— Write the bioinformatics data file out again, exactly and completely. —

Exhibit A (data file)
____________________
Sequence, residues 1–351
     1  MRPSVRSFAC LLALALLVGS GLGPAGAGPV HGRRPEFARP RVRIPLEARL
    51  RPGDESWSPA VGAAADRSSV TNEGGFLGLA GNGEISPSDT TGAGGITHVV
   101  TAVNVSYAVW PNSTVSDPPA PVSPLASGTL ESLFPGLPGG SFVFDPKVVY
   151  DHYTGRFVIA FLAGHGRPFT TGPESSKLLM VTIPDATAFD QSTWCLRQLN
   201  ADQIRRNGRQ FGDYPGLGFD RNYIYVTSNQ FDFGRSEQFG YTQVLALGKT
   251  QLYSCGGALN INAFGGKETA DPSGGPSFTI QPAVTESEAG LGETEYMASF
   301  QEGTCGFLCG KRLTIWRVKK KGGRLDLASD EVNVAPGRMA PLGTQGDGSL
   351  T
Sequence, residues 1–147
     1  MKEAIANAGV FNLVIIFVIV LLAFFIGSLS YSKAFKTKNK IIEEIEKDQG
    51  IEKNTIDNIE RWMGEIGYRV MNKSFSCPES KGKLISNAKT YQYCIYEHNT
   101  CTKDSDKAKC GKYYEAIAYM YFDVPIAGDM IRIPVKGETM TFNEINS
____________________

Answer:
Sequence, residues 1–351
     1  MRPSVRSFAC LLALALLVGS GLGPAGAGPV HGRRPEFARP RVRIPLEARL
    51  RPGDESWSPA VGAAADRSSV TNEGGFLGLA GNGEISPSDT TGAGGITHVV
   101  TAVNVSYAVW PNSTVSDPPA PVSPLASGTL ESLFPGLPGG SFVFDPKVVY
   151  DHYTGRFVIA FLAGHGRPFT TGPESSKLLM VTIPDATAFD QSTWCLRQLN
   201  ADQIRRNGRQ FGDYPGLGFD RNYIYVTSNQ FDFGRSEQFG YTQVLALGKT
   251  QLYSCGGALN INAFGGKETA DPSGGPSFTI QPAVTESEAG LGETEYMASF
   301  QEGTCGFLCG KRLTIWRVKK KGGRLDLASD EVNVAPGRMA PLGTQGDGSL
   351  T
Sequence, residues 1–147
     1  MKEAIANAGV FNLVIIFVIV LLAFFIGSLS YSKAFKTKNK IIEEIEKDQG
    51  IEKNTIDNIE RWMGEIGYRV MNKSFSCPES KGKLISNAKT YQYCIYEHNT
   101  CTKDSDKAKC GKYYEAIAYM YFDVPIAGDM IRIPVKGETM TFNEINS